There are two competing TV channels, one that only cares about TRPs and the other that tries to be honest and careful. Reporters who work hard and play even harder. Bollywood’s “Me Too” scandals. Bonds for voting. Politicians who want power. And a secret group that is mining big data and could break the privacy of billions of regular Indians. The movie “The Broken News,” which was directed by Vinay Waikul, seems to be made up of news stories that have been in the news for a while.

But just in case the web series is seen as “too real,” it has a lot of highly dramatic parts that keep it from getting too close to a movie. “The Broken News” feels more like a crime thriller than what it says it will be, which is a look at how TV news is changing the way people talk in the country and how news isn’t just broken on TV, but news TV is broken as well.

Dipankar Sanyal (Jaideep Ahlawat), who is in charge of Josh 24/7, is a very cocky editor and anchor who thinks he runs the country. Does his character remind you of anyone? Amina Qureshi, played by Sonali Bendre Behl, is in charge of Awaaz Bharati. She is able to make hard decisions. Radha Bhargava, played by Shriya Pilgaonkar, is a star reporter who always looks for the truth, even when her personal and professional life are at odds. And then there’s newcomer Anuj Sharma (Taaruk Raina), who doesn’t care about being honest in order to get ahead.

Ahlawat is very convincing and has no trouble getting past writing mistakes. And it’s great that Sonali Bendre is back. In “Guilty Minds,” Shriya Pilgaonkar’s honest reporter is too similar to her lawyer. How about making them different? As we look at how news is made, we see that backstabbing, stealing stories, stormy edit meetings where prima donnas throw tantrums, and yes-men are all part of the game. Some of it is a little bit painful, especially the part about a sleazy Bollywood star (Sharad Kapoor) who has repeatedly abused young girls and who feels the pain when his victims, who have kept quiet for years, accuse him.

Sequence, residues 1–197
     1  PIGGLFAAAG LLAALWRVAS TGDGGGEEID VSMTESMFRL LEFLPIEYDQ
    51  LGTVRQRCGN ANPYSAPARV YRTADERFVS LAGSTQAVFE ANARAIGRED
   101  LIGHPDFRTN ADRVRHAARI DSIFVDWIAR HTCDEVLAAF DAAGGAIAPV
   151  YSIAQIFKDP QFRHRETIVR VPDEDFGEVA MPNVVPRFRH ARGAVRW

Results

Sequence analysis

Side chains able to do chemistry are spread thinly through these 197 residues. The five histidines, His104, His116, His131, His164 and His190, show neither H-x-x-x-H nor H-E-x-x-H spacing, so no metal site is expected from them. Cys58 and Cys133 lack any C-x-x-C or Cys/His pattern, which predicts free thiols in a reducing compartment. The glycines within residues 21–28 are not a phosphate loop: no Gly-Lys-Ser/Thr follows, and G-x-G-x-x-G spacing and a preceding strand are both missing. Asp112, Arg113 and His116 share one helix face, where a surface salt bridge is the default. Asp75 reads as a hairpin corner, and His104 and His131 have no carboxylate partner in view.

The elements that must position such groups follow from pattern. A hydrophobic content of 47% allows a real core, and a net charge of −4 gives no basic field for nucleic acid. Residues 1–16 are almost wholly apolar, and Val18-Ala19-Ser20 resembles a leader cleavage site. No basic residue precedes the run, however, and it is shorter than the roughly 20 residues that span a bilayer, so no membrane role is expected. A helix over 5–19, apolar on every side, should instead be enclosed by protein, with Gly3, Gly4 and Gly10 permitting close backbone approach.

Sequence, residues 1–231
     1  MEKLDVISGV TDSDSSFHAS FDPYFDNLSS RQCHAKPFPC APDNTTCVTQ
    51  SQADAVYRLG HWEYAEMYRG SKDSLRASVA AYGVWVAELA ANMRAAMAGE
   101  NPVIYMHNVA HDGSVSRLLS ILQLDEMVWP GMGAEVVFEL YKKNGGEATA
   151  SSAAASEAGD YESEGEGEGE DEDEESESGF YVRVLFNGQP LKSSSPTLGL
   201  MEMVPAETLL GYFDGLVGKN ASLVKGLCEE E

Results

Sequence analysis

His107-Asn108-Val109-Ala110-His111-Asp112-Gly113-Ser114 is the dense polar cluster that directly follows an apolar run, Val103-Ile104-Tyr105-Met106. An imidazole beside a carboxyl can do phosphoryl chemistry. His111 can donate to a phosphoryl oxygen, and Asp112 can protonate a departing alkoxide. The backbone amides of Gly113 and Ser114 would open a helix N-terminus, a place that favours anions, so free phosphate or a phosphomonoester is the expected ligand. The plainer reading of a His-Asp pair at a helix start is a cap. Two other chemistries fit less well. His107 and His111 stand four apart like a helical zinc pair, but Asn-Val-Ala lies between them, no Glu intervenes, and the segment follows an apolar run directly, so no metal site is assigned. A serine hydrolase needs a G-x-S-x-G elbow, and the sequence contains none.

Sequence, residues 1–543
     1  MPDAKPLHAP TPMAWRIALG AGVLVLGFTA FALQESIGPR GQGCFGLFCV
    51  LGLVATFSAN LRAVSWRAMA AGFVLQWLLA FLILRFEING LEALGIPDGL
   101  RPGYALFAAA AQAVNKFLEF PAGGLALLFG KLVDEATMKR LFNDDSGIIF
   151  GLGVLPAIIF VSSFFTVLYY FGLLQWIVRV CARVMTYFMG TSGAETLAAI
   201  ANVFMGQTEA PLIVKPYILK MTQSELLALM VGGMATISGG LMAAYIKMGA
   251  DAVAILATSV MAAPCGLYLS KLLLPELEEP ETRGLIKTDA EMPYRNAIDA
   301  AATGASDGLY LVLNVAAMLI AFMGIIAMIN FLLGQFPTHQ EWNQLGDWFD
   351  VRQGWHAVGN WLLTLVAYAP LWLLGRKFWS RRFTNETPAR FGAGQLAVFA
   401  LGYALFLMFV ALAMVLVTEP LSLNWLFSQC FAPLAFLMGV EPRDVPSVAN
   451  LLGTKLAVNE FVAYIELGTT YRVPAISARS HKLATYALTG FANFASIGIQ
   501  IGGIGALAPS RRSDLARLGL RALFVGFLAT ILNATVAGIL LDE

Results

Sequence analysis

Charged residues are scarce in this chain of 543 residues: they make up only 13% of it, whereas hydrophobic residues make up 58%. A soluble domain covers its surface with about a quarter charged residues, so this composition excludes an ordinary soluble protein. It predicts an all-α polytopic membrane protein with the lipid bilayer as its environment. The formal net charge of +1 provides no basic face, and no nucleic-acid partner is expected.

But a lot of it isn’t true, especially if you know how the news business works. Reporters with colourful sources at their disposal, brave employees calling out their bosses, and channel owners telling their employees, “I own this channel, so you will do what I say.” Really? One character said to another, “Tum team ki moral compass ho.” Who says these kinds of things? Others are forced to talk about ethics and morals like they’ve never been talked about before. Maybe the team needs to spend some time on a news floor to see how much boring work goes into a 24-hour cycle. It’s not all shouting anchors, cowering guests, and “breaking news.”

By Piya

i am a content writer with 5 years of experience in writing field i have written several Articles, Blogs, Webpages, product descriptions ,add content , social media posts as well as worked in creative writing field too and still exploring and learning more in same field.

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